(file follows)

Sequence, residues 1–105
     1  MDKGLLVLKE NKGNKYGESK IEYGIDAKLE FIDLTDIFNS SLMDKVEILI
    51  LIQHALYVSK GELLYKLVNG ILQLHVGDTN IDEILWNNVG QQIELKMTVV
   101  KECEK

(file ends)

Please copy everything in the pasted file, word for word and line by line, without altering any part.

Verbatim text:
Sequence, residues 1–105
     1  MDKGLLVLKE NKGNKYGESK IEYGIDAKLE FIDLTDIFNS SLMDKVEILI
    51  LIQHALYVSK GELLYKLVNG ILQLHVGDTN IDEILWNNVG QQIELKMTVV
   101  KECEK